While the people who run athletics are dreading the day Usain Bolt leaves their stage, Canadian Andre de Grasse must be licking his lips at the prospect after emerging as the man most likely to fill the void.
De Grasse chased Bolt home for silver in Thursday’s 200 metres final, having taken a bronze in the 100m last weekend.
With 34-year-old Justin Gatlin, who edged him in the 100, due for retirement and Bolt, who turns 30 on Sunday, likely to hang up his spikes after next year’s world championships, the 21-year-old De Grasse could be the face of the next generation.
De Grasse showed in the semi-final that he has the temperament for the big stage when he took on Bolt in a laughing match as they hurtled for the line together, refusing to slow down despite the pleas of the Jamaican.
Bolt dismissed his antics as the uncool act of a “young man who will learn” but De Grasse was not phased and said he had just wanted to make the greatest sprinter in history work a bit harder.
In Thursday’s final, De Grasse ran a superbly controlled race to finish second in 20.02 behind Bolt’s 19.98, well clear of Frenchman Christophe Lemaitre in 20.12.
BIG STAGE PERFORMER
Having also taken a share of a bronze in the 100m in last year’s world championships – Canada’s first global sprint medal since 1999 – and claimed a sprint double in the Pan-Am Games, it is clear De Grasse is a big stage performer.
He has the times, too, with Rio personal bests of 9.91, second in Canada only behind Donovan Bailey’s 1996 gold-winning 9.84 and 19.80, a Canadian record.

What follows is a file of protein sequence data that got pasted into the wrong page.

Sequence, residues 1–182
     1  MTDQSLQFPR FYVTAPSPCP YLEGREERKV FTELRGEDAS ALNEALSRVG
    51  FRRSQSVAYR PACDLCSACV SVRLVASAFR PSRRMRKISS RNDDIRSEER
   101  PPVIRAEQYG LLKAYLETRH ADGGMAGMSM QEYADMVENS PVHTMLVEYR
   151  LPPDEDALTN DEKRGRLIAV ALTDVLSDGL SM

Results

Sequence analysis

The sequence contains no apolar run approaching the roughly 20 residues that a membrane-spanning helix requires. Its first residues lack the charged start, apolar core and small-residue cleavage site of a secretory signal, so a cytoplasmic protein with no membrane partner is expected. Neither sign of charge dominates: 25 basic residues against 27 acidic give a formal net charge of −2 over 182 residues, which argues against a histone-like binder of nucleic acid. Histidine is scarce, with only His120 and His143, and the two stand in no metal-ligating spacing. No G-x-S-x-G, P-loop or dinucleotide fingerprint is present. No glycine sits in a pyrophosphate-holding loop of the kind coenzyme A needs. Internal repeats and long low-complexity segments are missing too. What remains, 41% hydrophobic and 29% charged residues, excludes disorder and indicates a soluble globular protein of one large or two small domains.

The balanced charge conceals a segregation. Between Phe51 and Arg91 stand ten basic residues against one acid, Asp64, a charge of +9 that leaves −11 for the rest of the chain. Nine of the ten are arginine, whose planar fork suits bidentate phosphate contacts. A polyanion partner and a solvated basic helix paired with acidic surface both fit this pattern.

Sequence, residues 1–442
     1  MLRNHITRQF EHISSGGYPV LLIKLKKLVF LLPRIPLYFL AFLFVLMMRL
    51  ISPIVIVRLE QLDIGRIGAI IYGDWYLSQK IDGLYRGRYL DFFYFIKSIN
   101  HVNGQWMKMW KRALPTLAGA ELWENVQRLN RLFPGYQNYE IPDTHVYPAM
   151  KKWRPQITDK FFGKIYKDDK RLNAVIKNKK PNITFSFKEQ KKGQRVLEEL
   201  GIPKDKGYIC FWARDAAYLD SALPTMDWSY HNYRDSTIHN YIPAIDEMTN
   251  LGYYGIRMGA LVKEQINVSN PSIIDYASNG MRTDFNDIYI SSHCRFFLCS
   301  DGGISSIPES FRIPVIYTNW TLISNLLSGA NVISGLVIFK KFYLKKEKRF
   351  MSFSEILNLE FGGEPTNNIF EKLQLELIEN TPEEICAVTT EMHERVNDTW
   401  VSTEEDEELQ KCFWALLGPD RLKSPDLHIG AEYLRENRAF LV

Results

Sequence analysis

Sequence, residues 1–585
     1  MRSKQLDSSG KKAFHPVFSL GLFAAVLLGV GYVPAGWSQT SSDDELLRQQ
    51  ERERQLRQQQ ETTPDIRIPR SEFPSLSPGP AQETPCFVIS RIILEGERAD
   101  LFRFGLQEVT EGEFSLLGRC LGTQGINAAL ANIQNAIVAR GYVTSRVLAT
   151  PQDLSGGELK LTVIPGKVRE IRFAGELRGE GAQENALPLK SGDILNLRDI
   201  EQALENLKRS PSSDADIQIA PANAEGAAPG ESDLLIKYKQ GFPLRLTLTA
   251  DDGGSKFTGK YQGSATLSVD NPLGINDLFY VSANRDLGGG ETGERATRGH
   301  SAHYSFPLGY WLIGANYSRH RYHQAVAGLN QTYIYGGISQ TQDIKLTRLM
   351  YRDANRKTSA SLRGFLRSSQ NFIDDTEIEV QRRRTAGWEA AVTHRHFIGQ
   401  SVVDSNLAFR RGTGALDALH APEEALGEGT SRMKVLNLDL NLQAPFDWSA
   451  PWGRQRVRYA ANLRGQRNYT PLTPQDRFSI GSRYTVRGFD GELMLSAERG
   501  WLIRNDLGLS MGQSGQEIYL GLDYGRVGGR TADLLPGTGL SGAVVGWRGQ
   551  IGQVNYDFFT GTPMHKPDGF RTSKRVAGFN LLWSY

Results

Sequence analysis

Asked if he would miss Bolt or be said to see him go, De Grasse said: “A little bit of both.
“Definitely I love competing against him, it’s an honour to be a part of history, of what he’s accomplished in his career … but overall, if his time is up, I guess a new person has to come in there.
“But I obviously have to continue to work hard and always bring my ‘A’ game because it’s not going to be easy.”
The Canadian also showed that he is not the sort of athlete to settle for second-best, even when that second is to Bolt.
“I’m really happy with two medals but my race today could have been better,” he said. “I came off the bend and tried to do something, tried to go, but maybe I used up too much energy in the semi-final.
“Yesterday I ran relaxed. My race today could have been better.”
For a man born six years after the 1988 Olympics, the name of Ben Johnson probably does not feature much in his thinking, but an older generation of fans will be willing De Grasse to push that 100m best under 9.79.
That was the magic, annulled, but-ever present drug-fuelled time Johnson posted to win in Seoul before subsequently being banned.
Perhaps instead they should dwell on another altogether more innocent era, as the last time Canada claimed a medal in an Olympic 200m final was when Percy Williams won in 1928.